Synopses & Reviews
In an age when physical books matter less and less, here is a thrilling story about a book that meant everything. This true-life detective story unveils the journey of a sacred text—the tenth-century annotated bible known as the Aleppo Codex—from its hiding place in a Syrian synagogue to the newly founded state of Israel. Based on Matti Friedman’s independent research, documents kept secret for fifty years, and personal interviews with key players, the book proposes a new theory of what happened when the codex left Aleppo, Syria, in the late 1940s and eventually surfaced in Jerusalem, mysteriously incomplete.
The codex provides vital keys to reading biblical texts. By recounting its history, Friedman explores the once vibrant Jewish communities in Islamic lands and follows the thread into the present, uncovering difficult truths about how the manuscript was taken to Israel and how its most important pages went missing. Along the way, he raises critical questions about who owns historical treasures and the role of myth and legend in the creation of a nation.
"Friedman gives a masterful account of a major religious document, housed with the better known Dead Sea Scrolls in Jerusalem's Shrine of the Book. The Aleppo Codex, a volume of parchment folios written in Tiberius circa 930 C.E., is considered the most accurate text of the Hebrew Bible. Stolen by Crusaders from a Jerusalem synagogue, the codex made its way to Egypt, was used by the great 12th-century scholar Maimonides and later brought to Aleppo, Syria, by a descendant of Maimonides. After being carefully kept in Aleppo's Great Synagogue, the codex was damaged in 1947 by Arab rioters angered by the U.N. resolution to partition Palestine. Friedman plumbs two mysteries relating to the codex: how did it end up in the hands of Israeli authorities after being rescued from the Great Synagogue? And what happened to its missing pages (which caused a scandal when the government revealed their absence)? Facing missing court documents and the 'conspiracy of silence' surrounding the codex, AP reporter Friedman sleuths out the answers, revealing a highly disturbing tale. Friedman delivers an atmospheric, tense story about the destruction of a sacred relic, raising inevitable questions about who owns a people's historical treasures. Photos. Agent: Judy Heiblum, Sterling Lord Literistic." Publishers Weekly (Starred Review) Copyright PWxyz, LLC. All rights reserved.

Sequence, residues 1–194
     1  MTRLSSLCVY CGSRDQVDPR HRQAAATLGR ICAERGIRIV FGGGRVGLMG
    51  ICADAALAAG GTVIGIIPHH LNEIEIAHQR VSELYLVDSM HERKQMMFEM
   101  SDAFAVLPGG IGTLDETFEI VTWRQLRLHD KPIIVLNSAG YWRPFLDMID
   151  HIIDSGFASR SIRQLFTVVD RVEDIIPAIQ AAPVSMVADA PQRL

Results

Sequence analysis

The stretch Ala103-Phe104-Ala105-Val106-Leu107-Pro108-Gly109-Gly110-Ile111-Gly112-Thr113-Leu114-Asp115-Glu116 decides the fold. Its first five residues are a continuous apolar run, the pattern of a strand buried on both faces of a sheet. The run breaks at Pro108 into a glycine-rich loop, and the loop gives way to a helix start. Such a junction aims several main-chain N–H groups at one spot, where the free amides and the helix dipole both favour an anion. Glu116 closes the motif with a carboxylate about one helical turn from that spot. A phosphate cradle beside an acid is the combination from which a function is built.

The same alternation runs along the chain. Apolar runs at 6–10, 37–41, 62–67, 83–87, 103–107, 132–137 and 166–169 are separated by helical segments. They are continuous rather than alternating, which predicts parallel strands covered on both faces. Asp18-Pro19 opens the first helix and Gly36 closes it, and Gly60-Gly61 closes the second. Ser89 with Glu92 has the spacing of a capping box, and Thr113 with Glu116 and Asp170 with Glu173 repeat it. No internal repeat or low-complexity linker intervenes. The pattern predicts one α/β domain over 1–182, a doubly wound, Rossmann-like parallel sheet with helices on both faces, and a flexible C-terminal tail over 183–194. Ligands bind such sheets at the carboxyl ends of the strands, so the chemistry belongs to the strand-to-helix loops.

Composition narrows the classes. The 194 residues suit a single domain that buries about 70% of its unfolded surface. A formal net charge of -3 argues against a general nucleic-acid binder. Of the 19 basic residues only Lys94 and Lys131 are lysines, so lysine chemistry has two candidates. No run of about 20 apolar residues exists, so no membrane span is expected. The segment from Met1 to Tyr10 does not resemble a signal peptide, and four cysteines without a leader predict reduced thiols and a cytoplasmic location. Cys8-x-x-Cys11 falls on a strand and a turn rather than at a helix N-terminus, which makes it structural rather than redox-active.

Winner of the 2014 Sami Rohr Prize for Jewish Literature
A thousand years ago, the most perfect copy of the Hebrew Bible was written. It was kept safe through one upheaval after another in the Middle East, and by the 1940s it was housed in a dark grotto in Aleppo, Syria, and had become known around the world as the Aleppo Codex.
Journalist Matti Friedman's true-life detective story traces how this precious manuscript was smuggled from its hiding place in Syria into the newly founded state of Israel and how and why many of its most sacred and valuable pages went missing. It's a tale that involves grizzled secret agents, pious clergymen, shrewd antiquities collectors, and highly placed national figures who, as it turns out, would do anything to get their hands on an ancient, decaying book. What it reveals are uncomfortable truths about greed, state cover-ups, and the fascinating role of historical treasures in creating a national identity.
About the Author
Matti Friedman’s first book, The Aleppo Codex, won the Sami Rohr Prize, the American Library Association’s Sophie Brody Medal, and the Canadian Jewish Book Award. It was selected as one of Booklist’s top ten religion and spirituality titles in 2013 and received second place for the Religion Newswriters Association’s 2013 nonfiction religion book of the year. The book was published in Israel, Australia, Holland, France, Germany, the Czech Republic, Russia, and South Korea. Friedman has worked as a correspondent in the Jerusalem bureau of the Associated Press news agency, where he specialized in religion and archaeology, and reported from Lebanon to Morocco, Cairo, Moscow, and Washington, D.C., as well as Israel, the Palestinian territories, and the Caucasus. In addition to the AP, his work has appeared in the Atlantic and the New York Times, among other publications. Friedman grew up in Toronto, moved to Israel as a teenager, and served three years in the Israeli military. Today he lives in Jerusalem with his wife and three children. He lectures frequently in Israel, the United Kingdom, and the United States.